I had a fun chat with Honoré last week about scrapbooking and making layouts and getting our stories told. This inspired me to share three things are about paper and pictures and stories.
1. I want to learn how to do more digital scrapbooking. Or maybe it is hybrid. I am reading up on digital techniques and contemplating a new computer/device for easier digital creating.
2. I need to organize my photos. Most of them are on my phone and in the cloud. I used to upload to Flickr and Shutterfly but I am woefully behind. I am excited to check out some different options that I found in the replies on Carole’s post today.
3. Pictures are fun but the story behind the picture is important. We welcomed our new grandson this week and while mama and papa were at the hospital, our bigger person stayed with us. I didn’t take a lot of pictures but I write down a lot of his words. It made me think about how we hold those memories and what we leave behind. It made me wonder what my mom treasured when she was with us after our daughters were born. What stories did she want to remember when our girls spent time with their grandparents. Because Alzheimer’s took those memories away, we have no way of knowing. That is what I want most from documenting these days. I want our daughters and grandsons to know how much we treasured them, even when we can no longer tell the stories.
“Liminal space is an inner state and sometimes an outer situation where we can begin to think and act in new ways. It is where we are betwixt and between, having left one room or stage of life but not yet entered the next.”Richard Rohr
Do you know this idea of liminal space? Last week three different people mentioned this term to me and when I typed those words into the search box, Richard Rohr showed up. And that was quite a rabbit trail.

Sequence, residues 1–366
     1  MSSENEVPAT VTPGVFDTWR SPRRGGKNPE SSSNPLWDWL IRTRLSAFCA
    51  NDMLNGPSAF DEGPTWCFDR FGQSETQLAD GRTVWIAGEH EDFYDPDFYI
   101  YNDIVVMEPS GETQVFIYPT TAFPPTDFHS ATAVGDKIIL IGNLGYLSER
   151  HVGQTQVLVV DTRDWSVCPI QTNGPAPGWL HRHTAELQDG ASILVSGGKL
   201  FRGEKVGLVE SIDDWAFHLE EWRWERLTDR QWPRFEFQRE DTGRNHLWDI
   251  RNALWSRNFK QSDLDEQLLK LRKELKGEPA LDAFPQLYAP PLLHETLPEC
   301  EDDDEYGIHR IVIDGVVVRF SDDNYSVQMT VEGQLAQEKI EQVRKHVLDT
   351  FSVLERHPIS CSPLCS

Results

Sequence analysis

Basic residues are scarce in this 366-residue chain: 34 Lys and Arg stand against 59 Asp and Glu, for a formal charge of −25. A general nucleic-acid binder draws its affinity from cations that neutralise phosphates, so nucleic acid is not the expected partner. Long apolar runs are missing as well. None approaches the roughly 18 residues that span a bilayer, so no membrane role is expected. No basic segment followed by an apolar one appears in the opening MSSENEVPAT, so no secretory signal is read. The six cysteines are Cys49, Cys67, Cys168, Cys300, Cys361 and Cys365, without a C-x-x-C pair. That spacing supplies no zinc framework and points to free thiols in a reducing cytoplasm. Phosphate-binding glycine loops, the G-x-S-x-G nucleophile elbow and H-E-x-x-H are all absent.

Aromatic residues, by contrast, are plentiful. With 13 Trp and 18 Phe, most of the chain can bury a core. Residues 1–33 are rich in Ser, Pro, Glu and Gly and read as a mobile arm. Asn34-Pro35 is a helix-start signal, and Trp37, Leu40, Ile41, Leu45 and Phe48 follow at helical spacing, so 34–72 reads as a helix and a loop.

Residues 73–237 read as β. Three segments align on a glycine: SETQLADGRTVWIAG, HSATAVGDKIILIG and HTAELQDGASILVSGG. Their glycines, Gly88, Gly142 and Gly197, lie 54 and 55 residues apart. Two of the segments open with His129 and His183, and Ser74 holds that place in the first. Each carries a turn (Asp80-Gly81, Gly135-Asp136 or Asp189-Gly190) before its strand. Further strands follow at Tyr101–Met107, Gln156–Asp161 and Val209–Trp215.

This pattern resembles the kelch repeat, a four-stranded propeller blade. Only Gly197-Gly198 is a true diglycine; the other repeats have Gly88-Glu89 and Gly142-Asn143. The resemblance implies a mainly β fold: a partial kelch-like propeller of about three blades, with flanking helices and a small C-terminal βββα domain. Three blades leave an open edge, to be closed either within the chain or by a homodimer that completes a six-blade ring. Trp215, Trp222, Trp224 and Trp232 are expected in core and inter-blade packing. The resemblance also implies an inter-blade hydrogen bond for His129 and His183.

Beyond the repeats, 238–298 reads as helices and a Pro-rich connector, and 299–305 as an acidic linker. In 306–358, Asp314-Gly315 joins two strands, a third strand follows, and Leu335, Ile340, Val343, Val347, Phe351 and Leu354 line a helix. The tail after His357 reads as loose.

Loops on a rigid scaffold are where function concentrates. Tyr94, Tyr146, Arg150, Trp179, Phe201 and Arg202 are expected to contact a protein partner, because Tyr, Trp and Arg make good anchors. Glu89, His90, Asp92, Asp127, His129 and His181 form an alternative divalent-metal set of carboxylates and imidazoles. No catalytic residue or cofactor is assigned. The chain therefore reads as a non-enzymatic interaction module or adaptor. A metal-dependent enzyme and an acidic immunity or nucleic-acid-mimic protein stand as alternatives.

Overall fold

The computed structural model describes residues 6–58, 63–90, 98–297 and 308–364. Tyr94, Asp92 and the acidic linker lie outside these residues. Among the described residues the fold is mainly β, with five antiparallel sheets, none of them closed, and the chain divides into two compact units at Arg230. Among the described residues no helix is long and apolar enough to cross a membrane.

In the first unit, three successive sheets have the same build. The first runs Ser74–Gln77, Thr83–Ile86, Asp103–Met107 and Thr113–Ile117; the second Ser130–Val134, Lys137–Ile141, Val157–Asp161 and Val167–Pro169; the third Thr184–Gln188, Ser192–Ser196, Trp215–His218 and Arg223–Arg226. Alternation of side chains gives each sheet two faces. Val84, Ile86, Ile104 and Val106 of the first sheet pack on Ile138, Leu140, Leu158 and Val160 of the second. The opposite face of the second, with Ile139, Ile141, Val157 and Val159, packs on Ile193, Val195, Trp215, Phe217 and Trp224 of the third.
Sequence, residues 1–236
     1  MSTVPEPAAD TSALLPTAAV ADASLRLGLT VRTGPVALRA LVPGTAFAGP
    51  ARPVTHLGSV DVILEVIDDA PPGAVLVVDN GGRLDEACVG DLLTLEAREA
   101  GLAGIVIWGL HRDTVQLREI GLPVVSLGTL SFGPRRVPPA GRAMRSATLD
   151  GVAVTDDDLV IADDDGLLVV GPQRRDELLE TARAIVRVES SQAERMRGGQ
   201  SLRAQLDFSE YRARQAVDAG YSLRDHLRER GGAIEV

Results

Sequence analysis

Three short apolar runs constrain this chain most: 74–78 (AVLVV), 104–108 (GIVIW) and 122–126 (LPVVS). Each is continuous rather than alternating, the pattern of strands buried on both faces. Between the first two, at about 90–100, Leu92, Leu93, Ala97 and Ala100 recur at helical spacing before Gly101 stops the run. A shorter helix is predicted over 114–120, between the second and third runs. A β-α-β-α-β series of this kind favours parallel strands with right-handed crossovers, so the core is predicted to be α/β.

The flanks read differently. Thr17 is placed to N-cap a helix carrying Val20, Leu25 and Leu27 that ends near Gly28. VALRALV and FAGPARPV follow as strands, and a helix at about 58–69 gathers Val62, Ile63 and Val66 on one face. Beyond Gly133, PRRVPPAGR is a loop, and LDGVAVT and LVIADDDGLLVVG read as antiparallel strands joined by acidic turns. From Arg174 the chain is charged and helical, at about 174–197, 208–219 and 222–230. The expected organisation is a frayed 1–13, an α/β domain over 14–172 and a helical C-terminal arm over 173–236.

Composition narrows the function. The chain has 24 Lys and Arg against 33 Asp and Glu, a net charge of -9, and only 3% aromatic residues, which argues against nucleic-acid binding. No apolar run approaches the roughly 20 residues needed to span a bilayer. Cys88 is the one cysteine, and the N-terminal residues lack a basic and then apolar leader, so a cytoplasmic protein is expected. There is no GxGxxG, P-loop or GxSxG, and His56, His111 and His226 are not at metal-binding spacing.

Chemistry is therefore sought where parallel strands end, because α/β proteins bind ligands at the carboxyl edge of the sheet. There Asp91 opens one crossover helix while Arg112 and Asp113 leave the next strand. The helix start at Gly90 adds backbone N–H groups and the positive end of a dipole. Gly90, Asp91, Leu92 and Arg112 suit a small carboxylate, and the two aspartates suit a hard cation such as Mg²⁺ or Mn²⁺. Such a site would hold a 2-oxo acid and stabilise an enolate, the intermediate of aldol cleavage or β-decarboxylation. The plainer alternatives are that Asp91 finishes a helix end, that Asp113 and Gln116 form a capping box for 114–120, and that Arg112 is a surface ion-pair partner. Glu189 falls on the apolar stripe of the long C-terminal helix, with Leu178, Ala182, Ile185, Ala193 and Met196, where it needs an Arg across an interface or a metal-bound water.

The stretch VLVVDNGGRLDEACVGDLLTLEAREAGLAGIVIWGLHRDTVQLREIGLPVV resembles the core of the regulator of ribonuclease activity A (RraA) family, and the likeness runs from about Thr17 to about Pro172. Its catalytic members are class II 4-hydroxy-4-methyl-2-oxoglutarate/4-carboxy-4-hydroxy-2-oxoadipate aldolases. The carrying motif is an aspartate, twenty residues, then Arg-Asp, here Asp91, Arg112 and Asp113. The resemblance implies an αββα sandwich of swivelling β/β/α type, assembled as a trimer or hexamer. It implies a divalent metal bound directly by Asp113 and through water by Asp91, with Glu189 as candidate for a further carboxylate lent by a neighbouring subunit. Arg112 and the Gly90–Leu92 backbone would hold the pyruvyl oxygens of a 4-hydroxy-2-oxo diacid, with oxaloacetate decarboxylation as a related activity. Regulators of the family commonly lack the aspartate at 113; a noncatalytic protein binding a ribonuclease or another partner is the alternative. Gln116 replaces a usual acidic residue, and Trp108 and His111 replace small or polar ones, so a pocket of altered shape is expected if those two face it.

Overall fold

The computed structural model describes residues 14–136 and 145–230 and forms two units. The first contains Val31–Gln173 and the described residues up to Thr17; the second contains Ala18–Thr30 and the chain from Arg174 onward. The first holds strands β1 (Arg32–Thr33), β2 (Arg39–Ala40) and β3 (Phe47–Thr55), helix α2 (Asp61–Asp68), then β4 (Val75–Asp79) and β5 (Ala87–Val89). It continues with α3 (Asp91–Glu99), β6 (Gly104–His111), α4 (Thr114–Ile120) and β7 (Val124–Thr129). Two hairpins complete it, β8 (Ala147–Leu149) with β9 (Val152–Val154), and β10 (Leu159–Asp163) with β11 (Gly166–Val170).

There is quite a bit of betwixt and between in my life right now. I was hoping to start running again. It seemed that working from home might give me some flexibility in my day. But when the parks were closed, the only path available was the neighborhood and I live in a very hilly area. So I am walking – a lot. And I am conquering the hills. I am hopeful that when my favorite running trail is accessible again, I will be ready to run. Until then, I will try to pay attention to the liminal spaces in my days.
My birthday was the best day. I am uncomfortable with birthday hoopla when it is directed at me but because of the shelter at home order, I was showered with attention from afar. Birthday goodies, flowers, and a banner delivered to my front porch. Lots of cards in the mail. And a fun cupcake celebration on Zoom with my favorite people.
2. What did I miss?
Grocery shopping. I used to go to the store multiple times each week. I love meal planning and slow shopping, wandering the aisles, reading ingredients, picking up produce to make sure it is the freshest. I don’t mind wearing a mask or planning just one trip a week. But I miss being able to wander and linger. I will say that the staff at my store have been so amazing. They are kind and gentle and I am so grateful for their work.
3. What does peace look like in May?
I am cultivating some peaceful practices. A lot of walking and paying attention. Gardening will definitely be a peaceful pursuit. More time for prayer and putting pen to paper.
I have a Friday finish. Grand baby number two will be here soon. The Mama saw the doctor yesterday and she is moving along. Both Mama and Papa have been working from home and taking lots of precautions so they can be together in the delivery room and big brother will come and stay with gramma and grampa. Thank goodness for FaceTime so their little family can be together/apart.
Like Mary I am having a hard time showing up to write these days. I think posts in my head but by the evening, when I usually write, I am worn out. Moving our school online and working from home has been full of new things to learn. This week I spent a lot of time on video calls, trying to encourage and reassure my staff. When you are in front of kids, you get immediate feedback. Teaching online, even with live class times each week, means you need to check in differently. But I am so proud of them and grateful for the way they have stepped into this new way of teaching and loving their students.
It is a strange way to head into retirement. I’m not unhappy that there won’t be one of those gatherings where the retiree sits in a chair at the front of the room and everyone talks about you. And I have also had a lot of time to think about how I want life to look after June 30 and that has been a gift. One friend said, let’s call this practice.